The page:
Top 10 publications in the last 5 years

1. Mapping the drivers of over-diagnosis to potential solutions.

Pathirana, T., Clark, J., Moynihan, R. 2017. BMJ, 358: j3879.

This review was based on a systematic search of the literature on the drivers of and solutions to overdiagnosis. It was undertaken as part of a wider plan to inform and develop Australia’s response to the challenge of overdiagnosis and related overuse. The mapping work developed a model of multi-layered drivers and solutions. It has been widely influential, informing both Australia’s response, and official policy on overdiagnosis of the World Organisation of Family Doctors.

2. Habit-based interventions for weight loss maintenance in adults with overweight and obesity: a randomized controlled trial

Cleo, G., Glasziou, P., Beller, E., Isenring, E., Thomas, R. 2018. International Journal of Obesity, 43: 374-383.

The majority of individuals who lose weight through diet and exercise, will regain the weight back. Conversely, habit-based interventions achieve successful, long-term, weight-loss maintenance. These novel outcomes caught worldwide media attention, featuring in 130+ media outlets, reaching over 7 million viewers and listed as Editors’ Choice for ‘The best of International Journal of Obesity 2018’.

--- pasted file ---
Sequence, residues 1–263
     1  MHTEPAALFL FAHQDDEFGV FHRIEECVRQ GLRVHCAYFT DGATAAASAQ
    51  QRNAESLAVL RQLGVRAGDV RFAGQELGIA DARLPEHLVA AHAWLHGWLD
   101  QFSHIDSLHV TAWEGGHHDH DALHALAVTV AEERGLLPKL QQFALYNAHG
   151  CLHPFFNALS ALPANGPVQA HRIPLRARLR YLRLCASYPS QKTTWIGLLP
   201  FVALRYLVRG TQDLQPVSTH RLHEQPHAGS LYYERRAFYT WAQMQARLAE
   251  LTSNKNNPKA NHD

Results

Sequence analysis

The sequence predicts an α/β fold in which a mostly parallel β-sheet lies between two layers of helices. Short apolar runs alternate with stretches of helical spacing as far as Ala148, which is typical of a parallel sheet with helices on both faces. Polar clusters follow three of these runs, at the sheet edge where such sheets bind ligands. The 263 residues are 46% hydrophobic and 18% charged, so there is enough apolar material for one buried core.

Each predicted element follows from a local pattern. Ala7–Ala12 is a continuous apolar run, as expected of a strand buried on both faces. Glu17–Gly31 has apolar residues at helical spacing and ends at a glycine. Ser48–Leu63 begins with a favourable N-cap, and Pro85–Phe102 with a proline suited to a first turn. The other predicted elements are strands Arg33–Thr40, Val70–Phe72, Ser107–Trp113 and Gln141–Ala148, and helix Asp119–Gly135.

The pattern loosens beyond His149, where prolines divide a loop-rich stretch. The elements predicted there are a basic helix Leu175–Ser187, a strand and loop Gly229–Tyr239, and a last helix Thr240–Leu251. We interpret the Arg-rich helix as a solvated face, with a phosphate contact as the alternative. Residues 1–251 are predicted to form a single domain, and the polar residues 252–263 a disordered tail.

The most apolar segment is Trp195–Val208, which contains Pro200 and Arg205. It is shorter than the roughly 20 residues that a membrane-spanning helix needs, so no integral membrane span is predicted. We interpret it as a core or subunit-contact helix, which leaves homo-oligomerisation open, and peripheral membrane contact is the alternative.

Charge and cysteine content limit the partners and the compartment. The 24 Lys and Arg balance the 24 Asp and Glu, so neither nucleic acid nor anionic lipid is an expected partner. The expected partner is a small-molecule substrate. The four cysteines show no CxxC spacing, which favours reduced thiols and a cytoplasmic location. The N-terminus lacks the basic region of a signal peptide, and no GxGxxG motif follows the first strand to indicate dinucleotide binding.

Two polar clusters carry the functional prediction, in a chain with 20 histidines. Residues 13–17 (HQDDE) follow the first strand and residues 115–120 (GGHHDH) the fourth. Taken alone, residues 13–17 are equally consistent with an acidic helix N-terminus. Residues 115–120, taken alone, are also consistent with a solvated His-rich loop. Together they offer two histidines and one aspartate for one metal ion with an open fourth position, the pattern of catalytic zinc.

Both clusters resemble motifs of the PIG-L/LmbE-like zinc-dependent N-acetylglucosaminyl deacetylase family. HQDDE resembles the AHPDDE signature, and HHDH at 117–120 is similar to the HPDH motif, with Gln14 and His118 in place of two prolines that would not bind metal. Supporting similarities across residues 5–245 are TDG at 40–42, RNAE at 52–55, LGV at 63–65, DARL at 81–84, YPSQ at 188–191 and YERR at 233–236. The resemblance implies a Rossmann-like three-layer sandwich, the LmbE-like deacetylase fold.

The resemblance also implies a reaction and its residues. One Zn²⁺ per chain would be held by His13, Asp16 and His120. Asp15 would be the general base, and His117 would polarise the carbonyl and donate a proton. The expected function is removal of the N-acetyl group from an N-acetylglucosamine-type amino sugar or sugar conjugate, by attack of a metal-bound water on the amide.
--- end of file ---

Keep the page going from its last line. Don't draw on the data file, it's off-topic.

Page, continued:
3. Making progress with the automation of systematic reviews: principles of the International Collaboration for the Automation of Systematic Reviews (ICASR)

Beller, E., Clark, J., Tsafnat, G., et al. 2018. Systematic reviews, 7(1), 77.

This paper sets out the “Vienna Principles”, to guide and enable systematic review automation tools to be developed and integrated into toolkits to improve their interoperability and the efficiency of systematic reviews. The principles were written by an international group, the International Collaboration for the Automation of Systematic Reviews (ICASR) at its first meeting held in Vienna in October 2015. The group has continued to meet annually to discuss progress, and move forward from the principles to active collaboration.

4. Reducing antibiotic prescribing in Australian general practice: time for a national strategy

Del Mar, C. B., Scott, A. M., Glasziou, P. P., Hoffmann, T., van Driel, M. L., Beller, E., et al. MJA, 207(9), 401-406.

This recent paper overviews the importance of addressing the antibiotic resistance crisis by focussing on general practice and outlines strategies ad interventions that should be used to reduce antibiotic use in Australian general practice. It arose from discussions held at a national roundtable, attended by the Chief Medical Officers of Australia and the UK, that CREMARA hosted for researchers and key stakeholders (such as the Department of Health, Australian Commission on Safety and Quality in HealthCare, Therapeutic Guidelines, NPS MedicineWise, and the Royal Australian College of General Practitioners).